Thursday, November 29, 2007

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Japan's Cherry Trees Bloom in Fall; Warming to Blame?

November 27, 2007

Ornamental cherry trees all over the Japanese archipelago have been blossoming unseasonably this fall, according to local media reports.
A few sakura trees—as they are known in Japan—bloom in fall most years.
But with more blossoms appearing earlier this year, there is concern that climate change is affecting a much-loved national symbol of spring.

The popular Somei Yoshino variety of cherry tree produces buds in mid-summer, but a hormone in the leaves causes the buds to hibernate.
When the leaves fall from the tree in spring, the flowers blossom, creating for a few short days a brilliant cloud of white to pale pink blooms.
If the tree loses its leaves prematurely for any reason while the weather is warm, the buds may bloom early—and once they have bloomed, they won't flower again that year.

According to Hiroyuki Wada, chief researcher at the Flower Association of Japan, this year a number of factors have contributed to cherry trees' early leaf loss.
One was an unusually dry, hot summer followed by a severe typhoon that stripped many trees of their leaves.

Another was a warm, late fall that allowed leaf-eating cherry caterpillars and fall webworms to flourish.
With their leaves stripped and the temperatures balmy, many sakura trees were "tricked" into thinking fall was actually spring.

Climate Change Link
Wada believes that climate change could be the root cause of the phenomenon.
"There is probably a connection with global warming," he said.
Typhoons seem to be getting stronger and making landfall more often, he noted, while summer rains are less frequent but heavier.
There are reports that other plants such as azaleas and the Japanese ume plum trees are also blooming off season.
And Wada has heard that Tokyo parks are battling with weeds previously only found in hotter parts of Japan and overseas.
In 2005 the Japan Meteorological Agency issued a report about how rising temperatures are affecting Japanese plants and animals.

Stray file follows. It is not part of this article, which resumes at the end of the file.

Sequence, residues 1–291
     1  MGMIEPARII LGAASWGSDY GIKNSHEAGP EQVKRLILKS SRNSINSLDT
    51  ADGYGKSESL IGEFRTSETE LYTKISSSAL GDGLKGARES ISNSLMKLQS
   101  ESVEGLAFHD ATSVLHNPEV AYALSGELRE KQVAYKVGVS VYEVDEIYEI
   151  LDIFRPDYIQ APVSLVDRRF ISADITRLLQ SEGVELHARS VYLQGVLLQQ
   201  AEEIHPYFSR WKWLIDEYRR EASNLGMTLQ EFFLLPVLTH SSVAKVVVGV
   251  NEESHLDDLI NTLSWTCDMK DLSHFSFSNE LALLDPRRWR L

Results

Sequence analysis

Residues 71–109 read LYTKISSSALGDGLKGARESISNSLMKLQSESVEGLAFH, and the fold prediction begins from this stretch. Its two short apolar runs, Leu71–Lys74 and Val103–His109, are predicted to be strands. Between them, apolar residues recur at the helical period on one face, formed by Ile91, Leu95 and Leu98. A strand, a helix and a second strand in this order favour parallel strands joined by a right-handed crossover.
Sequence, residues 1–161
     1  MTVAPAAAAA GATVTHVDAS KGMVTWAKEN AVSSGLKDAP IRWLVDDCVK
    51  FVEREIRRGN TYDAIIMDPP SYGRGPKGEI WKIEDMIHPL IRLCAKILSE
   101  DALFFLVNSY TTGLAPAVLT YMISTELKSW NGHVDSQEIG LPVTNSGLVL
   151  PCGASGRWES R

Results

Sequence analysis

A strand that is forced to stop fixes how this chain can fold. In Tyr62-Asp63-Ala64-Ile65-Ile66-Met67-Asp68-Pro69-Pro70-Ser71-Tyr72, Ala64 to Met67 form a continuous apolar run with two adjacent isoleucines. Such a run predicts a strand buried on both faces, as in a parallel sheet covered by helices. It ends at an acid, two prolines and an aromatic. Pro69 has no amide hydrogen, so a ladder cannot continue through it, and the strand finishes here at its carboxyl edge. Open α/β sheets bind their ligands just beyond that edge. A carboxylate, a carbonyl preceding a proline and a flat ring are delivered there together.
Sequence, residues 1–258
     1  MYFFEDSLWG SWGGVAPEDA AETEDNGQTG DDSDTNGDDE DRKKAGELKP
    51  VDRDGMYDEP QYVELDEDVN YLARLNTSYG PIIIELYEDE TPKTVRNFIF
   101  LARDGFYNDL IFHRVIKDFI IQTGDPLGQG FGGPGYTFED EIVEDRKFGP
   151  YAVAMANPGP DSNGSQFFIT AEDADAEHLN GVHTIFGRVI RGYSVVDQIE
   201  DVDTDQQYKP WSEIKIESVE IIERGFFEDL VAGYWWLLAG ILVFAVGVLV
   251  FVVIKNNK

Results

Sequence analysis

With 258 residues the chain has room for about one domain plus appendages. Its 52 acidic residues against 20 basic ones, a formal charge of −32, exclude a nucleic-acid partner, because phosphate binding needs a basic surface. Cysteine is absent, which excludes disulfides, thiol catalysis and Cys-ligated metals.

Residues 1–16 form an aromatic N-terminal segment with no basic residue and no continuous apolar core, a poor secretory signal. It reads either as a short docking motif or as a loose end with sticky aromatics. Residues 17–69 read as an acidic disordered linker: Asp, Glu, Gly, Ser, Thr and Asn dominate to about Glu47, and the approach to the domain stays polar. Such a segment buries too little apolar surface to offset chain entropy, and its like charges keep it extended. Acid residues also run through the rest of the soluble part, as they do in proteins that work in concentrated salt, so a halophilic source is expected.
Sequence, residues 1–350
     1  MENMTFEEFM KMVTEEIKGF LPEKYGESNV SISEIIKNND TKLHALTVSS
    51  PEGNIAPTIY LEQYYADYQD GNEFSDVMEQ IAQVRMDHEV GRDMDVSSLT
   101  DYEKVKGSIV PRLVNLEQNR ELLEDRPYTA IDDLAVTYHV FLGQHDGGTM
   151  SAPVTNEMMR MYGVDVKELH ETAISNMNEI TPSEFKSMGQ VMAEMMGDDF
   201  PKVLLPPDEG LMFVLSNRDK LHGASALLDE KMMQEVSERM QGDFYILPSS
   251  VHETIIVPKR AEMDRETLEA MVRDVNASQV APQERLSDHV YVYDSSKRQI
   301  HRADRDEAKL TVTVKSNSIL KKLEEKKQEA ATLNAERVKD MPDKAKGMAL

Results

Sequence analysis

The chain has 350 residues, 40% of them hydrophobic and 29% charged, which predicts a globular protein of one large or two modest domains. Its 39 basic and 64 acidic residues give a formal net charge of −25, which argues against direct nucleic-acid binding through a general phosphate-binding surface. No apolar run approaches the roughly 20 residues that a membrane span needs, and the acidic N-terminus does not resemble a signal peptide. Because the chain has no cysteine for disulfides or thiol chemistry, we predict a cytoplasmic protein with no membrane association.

The agency found that spring cherry trees are now flowering on average about four days earlier than they did 54 years ago, when record keeping began.
The report also found that Japanese maple leaves are now changing colors 15 days later.But Hiroyuki Uehara, chief of the applied weather information section at the Japan Meteorological Agency, is still cautious about a link between these trends and climate change.

"I think that one possible reason may be global warming, although it is not clear how temperature variations actually affect such phenomena," he said.
"All we can do is provide long-term observation data."
Fragile Icon
Meanwhile, the Japanese people are particularly sensitive to any threat to this cultural icon, Wada said.
In addition to the widespread Somei Yoshino, about 350 varieties of ornamental cherry tree grow in Japan.
The tiny flowers symbolize the fragile transience of life and are featured in everything from J-pop music to pottery to kabuki theater. Viewing parties across the country celebrate their blossoms each spring.
And a famous festival in Washington, D.C., honors Japanese culture around the time that the city's cherry trees—a gift from the people of Tokyo in 1912—come into bloom.
Traditionally, Japan's earliest blossoms appear between January and February on the southern island of Okinawa (see a map of Japan). Tokyo's trees usually open up in late March.
"When I was a student in Tokyo in the early 1980s, sakura bloomed around the first of April," Wada recalled. "Now it is closer to March 20."
He pointed out that the cherry blossom season traditionally coincides with the start of Japan's school and business year, making the flowers a symbol of a fresh new start.
"Sakura was linked to that turning point in people's lives," Wada said. "If the time of the [cherry blossom] season changes, so will Japanese sensibility."

Rising Sea Disrupts Flights in Indonesia

November 27, 2007

Global warming is partly to blame for flooding in Jakarta that has forced thousands of evacuations and cut off a highway to the international airport, Indonesia's environment minister said Tuesday.

Authorities pumped out some of the water, which was 23 feet (7 meters) deep in the worst hit areas and washed more than a mile (1.6 kilometers) inland Monday, said Iskandar, an official at Jakarta's flood crisis center. At least 2,200 houses were inundated, some with chest-deep water.

"I haven't seen it this bad in several years," said Toki, a police officer who was directing traffic around a flooded area near Sukarno-Hatta International Airport, where thousands of passengers were stranded.

Indonesia's environment minister, Rachmat Witoelar, said part of the problem is global warming, which causes sea levels to rise and may make coastal cities like Jakarta especially vulnerable to flooding and monsoon storms.

Authorities also ignored warnings about exceptionally high tides, part of an 18-year cycle, flood expert Jan Japp Brinkman told the Jakarta Post newspaper, adding that the situation was exacerbated by the failure to fix a sea barrier breached more than a week ago.

The flooding came as Indonesia prepared to host next month's UN climate change conference, which aims to start negotiations on a replacement for the 1997 Kyoto Protocol on greenhouse gas emissions.

A sprawling archipelago, Indonesia is among the largest contributors of carbon dioxide emissions, due to its rapid pace of deforestation. Experts say the country is also at risk of becoming one of the biggest victims of global warming.